Flaws in Cell Towers

Thursday, August 25, 2016 @ 03:08 PM gHale


Three critical security flaws in Base Transceiver Station (BTS) stations allow attackers to compromise, hijack, crash mobile cell towers, researchers said.

BTS stations, cellular phone towers, are the backbone of every mobile network and relay calls, SMS messages, and data packets from phones to the mobile operator’s data center, which interconnect calls, transmit the SMS messages to their destination, and send data packets to servers.

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BTS stations are universally deployed, regardless if the underlying mobile network runs on GSM, UTMS, or LTE technologies.

With that as a background, there are three vulnerabilities in several software packages that run on BTS stations, said researchers at mobile security firm Zimperium.

On top of that, other software packages not included in the Zimperium tests could also suffer since they have similar architectures.

Affected vendors include Legba Incorporated, Range Networks, OsmoCOM.

There are currently three issues which mobile operators and BTS software vendors need to address in their equipment.

The first is a bug in a core BTS software service that exposes the device to external connections, allowing an attacker to reach the BTS station’s transceiver via the Internet.

Attackers can send UDP packets to certain management ports (5700, 5701, 5701) and take advantage of the device’s built-in features. This allows the attacker to take remote control of the BTS station, alter GSM traffic, extract information from the passing data, crash the BTS station, or worse.

Zimperium recommended companies bind the sockets used for control and data exchange only to the local interface (127.0.0.1), or deploy a firewall to block external traffic.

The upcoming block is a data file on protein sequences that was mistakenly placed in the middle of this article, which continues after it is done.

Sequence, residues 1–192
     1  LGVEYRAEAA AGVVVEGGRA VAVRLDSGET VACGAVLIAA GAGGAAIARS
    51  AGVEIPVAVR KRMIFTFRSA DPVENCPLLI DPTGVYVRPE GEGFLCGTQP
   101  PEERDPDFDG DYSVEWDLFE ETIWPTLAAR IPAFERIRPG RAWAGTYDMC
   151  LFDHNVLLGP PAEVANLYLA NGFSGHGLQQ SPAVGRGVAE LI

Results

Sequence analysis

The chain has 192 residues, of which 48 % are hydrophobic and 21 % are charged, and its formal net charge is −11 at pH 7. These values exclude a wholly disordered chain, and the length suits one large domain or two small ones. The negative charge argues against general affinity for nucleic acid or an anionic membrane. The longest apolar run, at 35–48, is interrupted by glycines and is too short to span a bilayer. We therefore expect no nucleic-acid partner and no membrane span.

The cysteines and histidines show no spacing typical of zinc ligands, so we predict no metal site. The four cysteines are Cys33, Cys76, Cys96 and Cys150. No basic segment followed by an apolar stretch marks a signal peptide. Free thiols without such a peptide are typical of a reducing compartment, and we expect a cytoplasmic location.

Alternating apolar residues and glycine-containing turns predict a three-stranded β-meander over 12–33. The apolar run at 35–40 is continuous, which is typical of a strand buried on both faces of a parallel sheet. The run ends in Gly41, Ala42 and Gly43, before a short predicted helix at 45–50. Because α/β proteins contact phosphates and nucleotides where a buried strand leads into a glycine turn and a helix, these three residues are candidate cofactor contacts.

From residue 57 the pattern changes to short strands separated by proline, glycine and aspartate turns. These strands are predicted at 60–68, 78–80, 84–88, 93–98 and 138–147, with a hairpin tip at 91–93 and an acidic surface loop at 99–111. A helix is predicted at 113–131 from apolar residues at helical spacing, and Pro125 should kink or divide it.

The second issue is a memory buffer overflow caused by oversized UDP packets. This is a classic remote code execution flaw (RCE) that lets the attacker run malicious code on the device. This bug is as dangerous as the attacker’s skills.

The third issue relates to the first. If the attacker can send custom UDB traffic to the BTS station, because the control channel features no authentication, an attacker can execute commands on the BTS station’s transceiver module. The transceiver is the main hardware component in the BTS station rig, which sends and receives data between the radio antenna and the BTS core software.

This flaw allows an attacker to control the transceiver module remotely without having to enter any administrative credentials.

Zimperium said the attacker with access to the control channel can turn the BTS off, jam antenna radio frequencies, or change the BTS identity, removing the BTS from the mobile operator’s network or making it behave like another BTS station from the same network, and carry out man in the middle attacks.